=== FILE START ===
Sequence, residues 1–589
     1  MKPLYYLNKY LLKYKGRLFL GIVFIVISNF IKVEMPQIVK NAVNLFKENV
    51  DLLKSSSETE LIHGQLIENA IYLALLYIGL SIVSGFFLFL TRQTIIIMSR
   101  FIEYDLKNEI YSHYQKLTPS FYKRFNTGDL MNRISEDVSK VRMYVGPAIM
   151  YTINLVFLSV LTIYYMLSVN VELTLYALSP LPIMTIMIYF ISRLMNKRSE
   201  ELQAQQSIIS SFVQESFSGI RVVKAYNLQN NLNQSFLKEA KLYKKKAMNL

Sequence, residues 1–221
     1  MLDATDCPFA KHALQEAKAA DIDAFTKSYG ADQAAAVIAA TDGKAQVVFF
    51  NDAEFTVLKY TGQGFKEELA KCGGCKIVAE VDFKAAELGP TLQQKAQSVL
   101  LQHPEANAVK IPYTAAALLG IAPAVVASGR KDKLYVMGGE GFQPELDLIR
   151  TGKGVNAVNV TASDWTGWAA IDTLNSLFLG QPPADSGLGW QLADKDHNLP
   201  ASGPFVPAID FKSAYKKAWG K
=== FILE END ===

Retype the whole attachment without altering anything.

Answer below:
Sequence, residues 1–589
     1  MKPLYYLNKY LLKYKGRLFL GIVFIVISNF IKVEMPQIVK NAVNLFKENV
    51  DLLKSSSETE LIHGQLIENA IYLALLYIGL SIVSGFFLFL TRQTIIIMSR
   101  FIEYDLKNEI YSHYQKLTPS FYKRFNTGDL MNRISEDVSK VRMYVGPAIM
   151  YTINLVFLSV LTIYYMLSVN VELTLYALSP LPIMTIMIYF ISRLMNKRSE
   201  ELQAQQSIIS SFVQESFSGI RVVKAYNLQN NLNQSFLKEA KLYKKKAMNL

Sequence, residues 1–221
     1  MLDATDCPFA KHALQEAKAA DIDAFTKSYG ADQAAAVIAA TDGKAQVVFF
    51  NDAEFTVLKY TGQGFKEELA KCGGCKIVAE VDFKAAELGP TLQQKAQSVL
   101  LQHPEANAVK IPYTAAALLG IAPAVVASGR KDKLYVMGGE GFQPELDLIR
   151  TGKGVNAVNV TASDWTGWAA IDTLNSLFLG QPPADSGLGW QLADKDHNLP
   201  ASGPFVPAID FKSAYKKAWG K